Could Icing Your Injuries Actually Slow Down Your Recovery?
It's become second nature in dance studios: The instant anyone gets hurt, our immediate reaction is to run to the freezer to grab some ice (or, more realistically, a package of frozen peas).
But as routine as icing our injuries might be, the benefits are not actually backed up by scientific studies. And some experts now believe icing could even disrupt the healing process.
Repeat after us: Inflammation isn't evil.
Why the 180-degree turnaround? For years, we were told that we wanted to decrease inflammation as much as possible after an injury, and icing was one of the best ways to do that.
But scientists now realize that inflammation is actually a critical part of the recovery process—it's how our immune system sends healing blood cells to damaged tissues. Slowing the blood flow with cold therapy only delays things.
Even physician Gabe Mirkin, who helped popularize the RICE (Rest, Ice, Compression, Elevation) method in 1978's The Sports Medicine Book, now advises against it.
RICE has become PEACE & LOVE.
So if we aren't supposed to ice, what should we be doing instead?
Last month, two British physical therapists and injury experts recommended a new two-part acronym in the British Journal of Sports Medicine: PEACE & LOVE.
In a very poetic fashion, PEACE is meant to immediately follow an injury, while LOVE comes after the first few days.
P = Protect. (Restrict movement to avoid aggravating the injury)
E = Elevate. (Keep the injured limb higher than your heart to promote fluid flow out of the tissue.)
A = Avoid anti-inflammatory modalities. (Say "no" to both ice and anti-inflammatory medicines.)
C = Compress. (Wrap the area to reduce swelling and hemorrhages.)
E = Educate. (Learn about the proper approach to recovery.)
L = Load. (Once symptoms allow, slowly start dancing again to promote tissue repair.)
O = Optimism. (Stay positive—the brain has a powerful effect on the body.)
V = Vascularization. (Find a pain-free form of cardio to boost blood flow to the injured tissue.)
E = Exercise. (Follow a physical therapy prescription to increase mobility and strength.)
Start moving again as soon as you can without pain.
But if icing makes you feel better, go for it.
Still, some sports medicine experts aren't ready to swear off icing entirely. Because it does have one major, undisputed benefit: pain relief. And that isn't something to snub your nose at.
As Mirkin, the man who coined and then denounced the term RICE, told Outside magazine, "The penalty isn't permanent." It's not that you'll never recover if you ice an injury—it's just going to take a bit longer.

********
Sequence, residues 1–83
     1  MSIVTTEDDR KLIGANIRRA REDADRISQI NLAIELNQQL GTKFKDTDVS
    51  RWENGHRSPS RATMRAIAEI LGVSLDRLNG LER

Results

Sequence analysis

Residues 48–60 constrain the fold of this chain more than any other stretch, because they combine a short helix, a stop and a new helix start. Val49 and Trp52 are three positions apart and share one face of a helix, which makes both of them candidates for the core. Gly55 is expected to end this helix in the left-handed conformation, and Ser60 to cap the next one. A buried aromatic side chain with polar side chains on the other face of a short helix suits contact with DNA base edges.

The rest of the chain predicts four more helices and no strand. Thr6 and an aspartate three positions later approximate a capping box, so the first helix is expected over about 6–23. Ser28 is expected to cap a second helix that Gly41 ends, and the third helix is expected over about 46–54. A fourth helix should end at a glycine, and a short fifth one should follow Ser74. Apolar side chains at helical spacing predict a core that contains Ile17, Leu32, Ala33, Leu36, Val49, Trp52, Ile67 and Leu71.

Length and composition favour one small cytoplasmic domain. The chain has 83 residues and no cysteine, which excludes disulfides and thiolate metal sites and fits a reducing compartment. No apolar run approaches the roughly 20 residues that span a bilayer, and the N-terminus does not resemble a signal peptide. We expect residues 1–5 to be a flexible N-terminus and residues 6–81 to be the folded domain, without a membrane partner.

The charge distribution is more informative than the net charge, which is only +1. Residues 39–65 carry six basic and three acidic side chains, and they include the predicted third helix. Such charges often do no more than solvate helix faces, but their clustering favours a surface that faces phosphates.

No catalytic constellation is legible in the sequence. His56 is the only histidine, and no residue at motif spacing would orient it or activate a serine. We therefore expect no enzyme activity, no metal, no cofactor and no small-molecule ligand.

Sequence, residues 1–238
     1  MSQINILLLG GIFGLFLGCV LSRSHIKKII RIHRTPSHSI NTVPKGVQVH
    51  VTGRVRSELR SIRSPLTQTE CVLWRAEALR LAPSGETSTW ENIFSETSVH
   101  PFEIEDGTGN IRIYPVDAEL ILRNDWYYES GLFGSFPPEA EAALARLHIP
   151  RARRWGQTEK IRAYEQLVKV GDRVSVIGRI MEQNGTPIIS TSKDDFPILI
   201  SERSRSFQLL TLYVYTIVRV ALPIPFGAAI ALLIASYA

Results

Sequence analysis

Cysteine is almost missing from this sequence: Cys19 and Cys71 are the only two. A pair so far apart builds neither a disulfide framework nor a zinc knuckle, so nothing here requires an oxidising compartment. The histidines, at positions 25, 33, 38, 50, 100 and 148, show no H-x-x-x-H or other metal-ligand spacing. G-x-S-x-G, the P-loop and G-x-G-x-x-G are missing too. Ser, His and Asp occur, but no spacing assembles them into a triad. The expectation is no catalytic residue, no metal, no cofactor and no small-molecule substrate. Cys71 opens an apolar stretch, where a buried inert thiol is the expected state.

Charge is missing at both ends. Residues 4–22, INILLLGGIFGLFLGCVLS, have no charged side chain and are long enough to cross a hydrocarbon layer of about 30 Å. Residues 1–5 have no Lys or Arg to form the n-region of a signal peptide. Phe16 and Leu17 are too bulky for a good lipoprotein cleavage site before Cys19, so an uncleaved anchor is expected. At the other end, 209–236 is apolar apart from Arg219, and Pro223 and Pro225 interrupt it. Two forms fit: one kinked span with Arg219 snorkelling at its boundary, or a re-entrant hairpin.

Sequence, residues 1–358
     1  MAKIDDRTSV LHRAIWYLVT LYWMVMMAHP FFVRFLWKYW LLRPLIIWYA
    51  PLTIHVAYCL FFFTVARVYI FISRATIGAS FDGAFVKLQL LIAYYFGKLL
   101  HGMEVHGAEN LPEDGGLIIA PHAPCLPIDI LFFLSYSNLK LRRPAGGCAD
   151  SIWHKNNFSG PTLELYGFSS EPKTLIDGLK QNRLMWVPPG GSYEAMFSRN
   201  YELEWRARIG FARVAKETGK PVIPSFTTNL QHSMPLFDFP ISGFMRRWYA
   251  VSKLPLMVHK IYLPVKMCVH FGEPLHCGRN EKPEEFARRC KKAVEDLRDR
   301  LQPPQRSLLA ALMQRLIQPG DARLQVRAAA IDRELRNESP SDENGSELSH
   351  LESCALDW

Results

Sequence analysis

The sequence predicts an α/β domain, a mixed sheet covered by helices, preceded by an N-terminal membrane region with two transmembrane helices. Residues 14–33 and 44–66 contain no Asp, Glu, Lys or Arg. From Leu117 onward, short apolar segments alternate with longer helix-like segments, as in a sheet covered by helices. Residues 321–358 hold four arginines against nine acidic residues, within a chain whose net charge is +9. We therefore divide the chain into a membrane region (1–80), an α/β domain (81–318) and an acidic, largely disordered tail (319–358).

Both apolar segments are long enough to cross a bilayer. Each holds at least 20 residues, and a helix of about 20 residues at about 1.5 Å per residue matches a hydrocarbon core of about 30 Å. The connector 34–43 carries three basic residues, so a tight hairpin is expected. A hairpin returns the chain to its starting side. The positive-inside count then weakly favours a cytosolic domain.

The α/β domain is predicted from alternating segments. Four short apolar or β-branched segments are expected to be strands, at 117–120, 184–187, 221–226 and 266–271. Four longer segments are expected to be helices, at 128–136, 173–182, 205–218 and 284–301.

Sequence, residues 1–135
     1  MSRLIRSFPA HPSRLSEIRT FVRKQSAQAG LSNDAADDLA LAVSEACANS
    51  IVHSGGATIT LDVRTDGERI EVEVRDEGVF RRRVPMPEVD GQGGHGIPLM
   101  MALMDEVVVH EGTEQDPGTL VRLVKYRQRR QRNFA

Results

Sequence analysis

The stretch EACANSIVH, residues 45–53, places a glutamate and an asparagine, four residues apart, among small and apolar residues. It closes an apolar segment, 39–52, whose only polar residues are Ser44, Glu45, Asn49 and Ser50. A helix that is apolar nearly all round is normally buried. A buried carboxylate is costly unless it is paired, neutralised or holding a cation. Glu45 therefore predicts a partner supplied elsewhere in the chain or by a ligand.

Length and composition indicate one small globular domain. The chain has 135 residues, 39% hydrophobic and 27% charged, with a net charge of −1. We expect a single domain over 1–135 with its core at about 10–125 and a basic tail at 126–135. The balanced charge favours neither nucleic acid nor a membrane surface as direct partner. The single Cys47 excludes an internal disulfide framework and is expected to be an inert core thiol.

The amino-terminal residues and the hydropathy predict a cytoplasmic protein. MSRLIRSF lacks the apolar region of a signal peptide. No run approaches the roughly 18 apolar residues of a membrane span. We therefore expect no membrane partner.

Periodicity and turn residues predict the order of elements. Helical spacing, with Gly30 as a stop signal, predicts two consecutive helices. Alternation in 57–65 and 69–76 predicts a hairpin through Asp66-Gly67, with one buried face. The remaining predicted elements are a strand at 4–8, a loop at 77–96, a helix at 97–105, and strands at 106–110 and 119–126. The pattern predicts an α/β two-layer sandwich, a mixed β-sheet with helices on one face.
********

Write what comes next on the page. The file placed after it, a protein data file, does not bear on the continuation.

William Forsythe is bringing his multi-faceted genius to New York City in stripped down form. His "Quiet Evening of Dance," a mix of new and recycled work now at The Shed until October 25, is co-commissioned with Sadler's Wells in London (and a slew of European presenters).
As always, Forsythe's choreography is a layered experience, both kinetic and intellectual. This North American premiere prompted many thoughts, which I whittled down to seven.
"Law & Order: SVU" has dominated the crime show genre for 21 seasons with its famous "ripped from the headlines" strategy of taking plot inspiration from real-life crimes.
So viewers would be forgiven for assuming that the new storyline following the son of Mariska Hargitay's character into dance class originated in the news cycle. After all, the mainstream media widely covered the reaction to Lara Spencer's faux pas on "Good Morning America" in August, when she made fun of Prince George for taking ballet class.
But it turns out
, the storyline was actually the idea of the 9-year-old actor, Ryan Buggle, who plays Hargitay's son. And he came up with it before Spencer ever giggled at the word ballet.
Just hearing the word "improvisation" is enough to make some ballet dancers shake in their pointe shoes. But for Chantelle Pianetta, it's a practice she relishes. Depending on the weekend, you might find her gracing Bay Area stages as a principal with Menlowe Ballet or sweeping in awards at West Coast swing competitions.
She specializes in Jack and Jill events, which involve improvised swing dancing with an unexpected partner in front of a panel of judges. (Check her out in action below.) While sustaining her ballet career, over the past four years Pianetta has quickly risen from novice to champion level on the WCS international competition circuit.